This richly illustrated public lecture focuses on several key partnerships in which Dr. Turin has been involved over the last two decades, with members of historically marginalized, Indigenous communities in the Himalayan region, and increasingly with a committed global community of scholars in print, on air, and online.
Dr. Turin will draw on long-term fieldwork in Nepal and India with speakers of Thangmi, a community whose language has long been effaced from the national record in the states where it is spoken, while also reflecting critically on the decade that he has spent directing two international, interdisciplinary collaborative research initiatives—the Digital Himalaya and World Oral Literature Projects—and more recently, the University of British Columbia’s First Nations and Endangered Languages Program.
The presentation explores issues of orality and orthography, identity and representation. All those interested in learning more about the responsibilities and challenges of long-term community collaboration, co-authorship and applied research are invited to attend.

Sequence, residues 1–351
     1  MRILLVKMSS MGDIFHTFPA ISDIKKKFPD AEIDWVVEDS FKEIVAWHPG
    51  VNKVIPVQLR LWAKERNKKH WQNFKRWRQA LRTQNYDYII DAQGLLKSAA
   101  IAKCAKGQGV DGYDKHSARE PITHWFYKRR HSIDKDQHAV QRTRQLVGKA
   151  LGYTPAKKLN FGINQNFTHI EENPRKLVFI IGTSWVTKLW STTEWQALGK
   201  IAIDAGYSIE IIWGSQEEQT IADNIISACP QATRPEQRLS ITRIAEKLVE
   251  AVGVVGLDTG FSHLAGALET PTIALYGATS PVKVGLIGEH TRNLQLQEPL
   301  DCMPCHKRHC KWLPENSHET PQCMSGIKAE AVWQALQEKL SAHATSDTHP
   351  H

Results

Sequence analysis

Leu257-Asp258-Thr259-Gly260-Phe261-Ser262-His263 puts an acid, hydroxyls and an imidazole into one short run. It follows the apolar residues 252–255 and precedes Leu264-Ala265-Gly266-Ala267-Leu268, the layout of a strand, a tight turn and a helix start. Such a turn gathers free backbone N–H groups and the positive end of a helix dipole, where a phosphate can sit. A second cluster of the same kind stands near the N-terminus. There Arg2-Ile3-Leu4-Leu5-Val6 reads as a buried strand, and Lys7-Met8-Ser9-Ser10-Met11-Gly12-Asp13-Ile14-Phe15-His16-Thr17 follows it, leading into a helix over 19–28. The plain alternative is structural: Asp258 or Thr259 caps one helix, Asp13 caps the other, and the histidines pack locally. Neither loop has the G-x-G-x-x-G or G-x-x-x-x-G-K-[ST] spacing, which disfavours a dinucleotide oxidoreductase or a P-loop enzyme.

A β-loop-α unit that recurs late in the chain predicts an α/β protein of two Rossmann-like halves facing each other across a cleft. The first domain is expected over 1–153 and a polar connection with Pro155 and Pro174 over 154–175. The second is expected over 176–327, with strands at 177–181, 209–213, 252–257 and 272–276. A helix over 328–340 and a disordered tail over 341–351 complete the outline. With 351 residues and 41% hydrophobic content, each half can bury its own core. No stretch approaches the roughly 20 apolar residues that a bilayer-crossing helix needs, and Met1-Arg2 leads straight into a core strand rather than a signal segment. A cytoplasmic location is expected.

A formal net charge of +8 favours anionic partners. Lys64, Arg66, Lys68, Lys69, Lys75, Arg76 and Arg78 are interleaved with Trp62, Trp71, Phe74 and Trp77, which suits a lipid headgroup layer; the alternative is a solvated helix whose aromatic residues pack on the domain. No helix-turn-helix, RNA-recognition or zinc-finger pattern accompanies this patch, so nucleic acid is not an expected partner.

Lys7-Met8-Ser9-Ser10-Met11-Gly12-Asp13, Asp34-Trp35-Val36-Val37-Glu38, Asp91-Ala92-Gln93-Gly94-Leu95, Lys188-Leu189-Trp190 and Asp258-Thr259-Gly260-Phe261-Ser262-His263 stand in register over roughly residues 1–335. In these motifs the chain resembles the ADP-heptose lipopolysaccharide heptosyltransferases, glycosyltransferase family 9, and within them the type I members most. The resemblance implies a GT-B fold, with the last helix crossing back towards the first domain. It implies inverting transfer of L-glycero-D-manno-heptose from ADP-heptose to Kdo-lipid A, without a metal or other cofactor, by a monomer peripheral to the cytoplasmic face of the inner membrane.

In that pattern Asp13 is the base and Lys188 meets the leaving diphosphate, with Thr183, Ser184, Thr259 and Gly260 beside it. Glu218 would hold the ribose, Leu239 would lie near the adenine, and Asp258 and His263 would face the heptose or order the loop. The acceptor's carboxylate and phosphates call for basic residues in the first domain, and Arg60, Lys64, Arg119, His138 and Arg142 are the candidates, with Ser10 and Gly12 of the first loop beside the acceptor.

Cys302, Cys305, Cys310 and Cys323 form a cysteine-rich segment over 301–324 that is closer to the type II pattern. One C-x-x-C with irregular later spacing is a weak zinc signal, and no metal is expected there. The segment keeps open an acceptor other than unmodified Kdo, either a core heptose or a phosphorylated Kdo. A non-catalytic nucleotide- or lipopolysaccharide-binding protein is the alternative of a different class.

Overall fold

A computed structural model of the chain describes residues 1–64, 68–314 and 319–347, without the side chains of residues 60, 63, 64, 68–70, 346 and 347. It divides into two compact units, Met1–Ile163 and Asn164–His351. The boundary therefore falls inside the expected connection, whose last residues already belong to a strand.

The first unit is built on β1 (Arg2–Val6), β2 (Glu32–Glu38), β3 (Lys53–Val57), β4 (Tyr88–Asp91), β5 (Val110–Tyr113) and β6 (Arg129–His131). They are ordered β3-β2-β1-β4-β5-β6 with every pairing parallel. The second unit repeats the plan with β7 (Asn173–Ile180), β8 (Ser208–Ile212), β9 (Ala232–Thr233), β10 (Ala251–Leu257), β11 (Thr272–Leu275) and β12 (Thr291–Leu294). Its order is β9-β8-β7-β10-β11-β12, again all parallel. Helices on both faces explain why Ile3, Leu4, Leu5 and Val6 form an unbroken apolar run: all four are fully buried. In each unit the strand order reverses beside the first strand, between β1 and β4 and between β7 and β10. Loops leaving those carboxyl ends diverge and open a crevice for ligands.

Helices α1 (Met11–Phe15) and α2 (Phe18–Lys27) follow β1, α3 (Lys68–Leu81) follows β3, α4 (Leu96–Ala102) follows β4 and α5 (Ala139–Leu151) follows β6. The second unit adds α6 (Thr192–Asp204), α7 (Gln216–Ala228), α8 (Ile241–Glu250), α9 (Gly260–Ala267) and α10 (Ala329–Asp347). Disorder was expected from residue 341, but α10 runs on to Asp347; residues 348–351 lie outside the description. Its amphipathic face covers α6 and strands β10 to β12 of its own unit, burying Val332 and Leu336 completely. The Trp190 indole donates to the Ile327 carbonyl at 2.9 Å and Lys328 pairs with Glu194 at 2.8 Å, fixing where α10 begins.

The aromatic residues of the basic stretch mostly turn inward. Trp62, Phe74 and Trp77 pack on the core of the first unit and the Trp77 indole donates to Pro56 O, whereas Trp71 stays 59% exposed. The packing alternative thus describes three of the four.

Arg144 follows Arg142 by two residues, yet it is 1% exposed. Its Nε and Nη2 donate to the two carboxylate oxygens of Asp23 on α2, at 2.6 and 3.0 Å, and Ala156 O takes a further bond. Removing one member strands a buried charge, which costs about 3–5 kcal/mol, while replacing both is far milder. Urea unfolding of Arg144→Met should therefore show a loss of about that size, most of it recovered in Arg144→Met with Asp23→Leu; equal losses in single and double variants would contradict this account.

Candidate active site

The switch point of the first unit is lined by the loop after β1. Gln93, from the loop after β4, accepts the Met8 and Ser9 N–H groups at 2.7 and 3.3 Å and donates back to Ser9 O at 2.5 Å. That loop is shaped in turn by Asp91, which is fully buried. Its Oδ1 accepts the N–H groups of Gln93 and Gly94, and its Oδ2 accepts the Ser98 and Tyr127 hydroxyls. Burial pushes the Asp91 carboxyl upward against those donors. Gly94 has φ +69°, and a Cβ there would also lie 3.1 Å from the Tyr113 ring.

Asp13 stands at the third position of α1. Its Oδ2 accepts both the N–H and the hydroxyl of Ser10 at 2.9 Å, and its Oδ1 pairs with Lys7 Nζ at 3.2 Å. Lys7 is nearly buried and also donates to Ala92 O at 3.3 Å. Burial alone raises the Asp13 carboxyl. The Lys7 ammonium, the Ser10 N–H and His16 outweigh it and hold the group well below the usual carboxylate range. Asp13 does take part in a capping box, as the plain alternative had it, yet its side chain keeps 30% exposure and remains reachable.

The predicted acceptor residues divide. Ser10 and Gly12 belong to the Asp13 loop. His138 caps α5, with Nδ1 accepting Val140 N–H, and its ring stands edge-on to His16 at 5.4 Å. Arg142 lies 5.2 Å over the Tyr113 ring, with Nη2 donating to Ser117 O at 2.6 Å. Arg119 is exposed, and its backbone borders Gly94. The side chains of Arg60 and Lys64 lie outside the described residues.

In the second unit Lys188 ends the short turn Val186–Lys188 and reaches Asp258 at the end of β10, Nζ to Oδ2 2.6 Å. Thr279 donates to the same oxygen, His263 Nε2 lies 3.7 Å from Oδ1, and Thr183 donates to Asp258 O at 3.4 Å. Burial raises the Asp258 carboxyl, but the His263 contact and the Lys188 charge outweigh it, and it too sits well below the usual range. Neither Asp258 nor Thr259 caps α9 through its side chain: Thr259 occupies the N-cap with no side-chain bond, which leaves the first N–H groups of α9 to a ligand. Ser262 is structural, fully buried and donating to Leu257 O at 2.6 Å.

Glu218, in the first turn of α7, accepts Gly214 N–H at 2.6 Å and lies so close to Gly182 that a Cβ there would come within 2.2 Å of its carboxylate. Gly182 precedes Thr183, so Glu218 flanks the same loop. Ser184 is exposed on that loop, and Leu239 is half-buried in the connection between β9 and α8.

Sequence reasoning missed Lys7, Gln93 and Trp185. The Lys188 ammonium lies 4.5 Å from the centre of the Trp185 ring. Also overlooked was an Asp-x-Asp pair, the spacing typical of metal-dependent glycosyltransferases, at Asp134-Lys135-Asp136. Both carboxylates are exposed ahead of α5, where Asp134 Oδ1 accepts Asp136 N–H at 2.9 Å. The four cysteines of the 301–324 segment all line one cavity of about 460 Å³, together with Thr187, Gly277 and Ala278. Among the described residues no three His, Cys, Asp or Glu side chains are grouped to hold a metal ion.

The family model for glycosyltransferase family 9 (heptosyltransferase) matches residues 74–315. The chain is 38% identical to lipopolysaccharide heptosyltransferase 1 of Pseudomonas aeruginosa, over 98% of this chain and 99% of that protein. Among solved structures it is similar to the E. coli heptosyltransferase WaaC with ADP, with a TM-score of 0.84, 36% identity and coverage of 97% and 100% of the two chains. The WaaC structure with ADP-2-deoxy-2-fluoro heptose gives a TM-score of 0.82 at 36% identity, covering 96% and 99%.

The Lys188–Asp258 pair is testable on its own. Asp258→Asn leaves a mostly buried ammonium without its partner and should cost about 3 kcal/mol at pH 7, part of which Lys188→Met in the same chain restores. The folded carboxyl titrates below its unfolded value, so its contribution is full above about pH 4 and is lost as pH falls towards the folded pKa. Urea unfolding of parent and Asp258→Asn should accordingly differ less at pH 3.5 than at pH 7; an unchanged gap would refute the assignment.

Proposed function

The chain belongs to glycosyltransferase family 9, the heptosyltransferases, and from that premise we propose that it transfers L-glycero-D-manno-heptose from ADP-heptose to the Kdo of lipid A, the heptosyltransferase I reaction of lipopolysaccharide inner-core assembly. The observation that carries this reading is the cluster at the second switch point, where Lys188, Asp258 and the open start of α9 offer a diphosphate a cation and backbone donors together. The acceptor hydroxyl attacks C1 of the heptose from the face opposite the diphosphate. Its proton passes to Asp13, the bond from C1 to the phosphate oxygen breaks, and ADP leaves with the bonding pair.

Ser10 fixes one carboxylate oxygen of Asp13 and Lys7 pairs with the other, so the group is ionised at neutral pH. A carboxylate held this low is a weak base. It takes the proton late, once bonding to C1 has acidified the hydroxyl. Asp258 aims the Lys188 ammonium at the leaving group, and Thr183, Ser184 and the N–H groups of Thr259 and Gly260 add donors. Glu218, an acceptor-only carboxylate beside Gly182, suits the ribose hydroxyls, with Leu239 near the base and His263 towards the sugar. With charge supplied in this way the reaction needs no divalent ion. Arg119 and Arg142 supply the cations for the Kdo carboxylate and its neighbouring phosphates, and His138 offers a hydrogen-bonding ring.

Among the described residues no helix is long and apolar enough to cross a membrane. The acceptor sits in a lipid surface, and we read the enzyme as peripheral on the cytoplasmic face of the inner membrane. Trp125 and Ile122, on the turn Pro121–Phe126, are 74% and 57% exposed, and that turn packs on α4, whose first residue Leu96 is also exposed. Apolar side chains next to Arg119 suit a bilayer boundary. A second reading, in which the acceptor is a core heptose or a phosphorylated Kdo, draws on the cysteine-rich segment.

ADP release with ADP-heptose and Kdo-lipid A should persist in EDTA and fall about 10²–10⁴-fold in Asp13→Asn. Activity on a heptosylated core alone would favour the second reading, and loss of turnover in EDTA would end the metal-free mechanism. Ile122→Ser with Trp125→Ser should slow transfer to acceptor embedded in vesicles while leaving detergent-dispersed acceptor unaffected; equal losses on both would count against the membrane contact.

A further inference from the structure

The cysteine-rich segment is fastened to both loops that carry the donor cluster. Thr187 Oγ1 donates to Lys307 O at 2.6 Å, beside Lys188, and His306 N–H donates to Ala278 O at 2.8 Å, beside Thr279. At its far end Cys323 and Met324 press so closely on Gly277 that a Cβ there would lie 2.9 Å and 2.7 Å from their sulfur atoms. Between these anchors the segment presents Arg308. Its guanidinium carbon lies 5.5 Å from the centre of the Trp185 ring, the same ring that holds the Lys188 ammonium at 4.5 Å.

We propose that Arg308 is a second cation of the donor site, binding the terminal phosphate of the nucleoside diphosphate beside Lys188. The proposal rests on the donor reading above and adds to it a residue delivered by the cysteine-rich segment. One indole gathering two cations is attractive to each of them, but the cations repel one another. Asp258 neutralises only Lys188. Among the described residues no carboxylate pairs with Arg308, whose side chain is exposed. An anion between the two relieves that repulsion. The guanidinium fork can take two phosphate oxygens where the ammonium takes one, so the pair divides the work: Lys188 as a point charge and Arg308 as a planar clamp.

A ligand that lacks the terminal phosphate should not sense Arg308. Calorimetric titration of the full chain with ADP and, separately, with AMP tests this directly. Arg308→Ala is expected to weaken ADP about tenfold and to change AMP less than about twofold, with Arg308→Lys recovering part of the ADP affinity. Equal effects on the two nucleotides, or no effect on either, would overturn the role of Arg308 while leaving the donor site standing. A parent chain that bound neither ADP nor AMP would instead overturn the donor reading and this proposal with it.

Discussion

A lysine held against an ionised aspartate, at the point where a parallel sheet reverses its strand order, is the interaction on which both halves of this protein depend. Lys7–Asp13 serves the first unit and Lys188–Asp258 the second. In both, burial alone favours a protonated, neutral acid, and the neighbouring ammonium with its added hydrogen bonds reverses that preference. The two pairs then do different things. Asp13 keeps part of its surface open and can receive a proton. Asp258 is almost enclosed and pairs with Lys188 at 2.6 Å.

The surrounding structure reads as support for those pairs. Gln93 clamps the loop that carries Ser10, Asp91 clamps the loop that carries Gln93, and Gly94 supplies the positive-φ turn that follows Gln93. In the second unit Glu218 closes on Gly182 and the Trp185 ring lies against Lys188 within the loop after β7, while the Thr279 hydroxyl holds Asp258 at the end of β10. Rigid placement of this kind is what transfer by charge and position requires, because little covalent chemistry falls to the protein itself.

Mark Turin (PhD, Linguistics, Leiden University, 2006) is an anthropologist, linguist and radio presenter. At the University of British Columbia, Mark serves as Chair of the First Nations and Endangered Languages Program, Acting Co-Director of the University’s new Institute for Critical Indigenous Studies and Associate Professor of Anthropology. Before joining UBC, Mark was an Associate Research Scientist with the South Asian Studies Council at Yale University, and the Founding Program Director of the Yale Himalaya Initiative. He continues to hold an appointment as Visiting Associate Professor at the Yale School Forestry & Environmental Studies. Prior to Yale, Mark worked a Research Associate at the Museum of Archaeology and Anthropology at the University of Cambridge. At UBC, Mark is an Associate Member of the Department of Asian Studies an Affiliate Member of the Institute of Asian Research.
Mark directs both the World Oral Literature Project, an urgent global initiative to document and make accessible endangered oral literatures before they disappear without record, and the Digital Himalaya Project which he co-founded in 2000 as a platform to make multi-media resources from the Himalayan region widely available online. For over twenty years, Mark’s regional focus has been the Himalayan region (particularly Nepal, northern India and Bhutan), and more recently, the Pacific Northwest. Mark is very privileged to have had the opportunity to work in collaborative partnership with members of the Thangmi-speaking communities of eastern Nepal and Darjeeling district in India since 1996, and since 2014 with members of the Heiltsuk First Nation through a Haíɫzaqv Language Mobilization Partnership in which UBC is a member.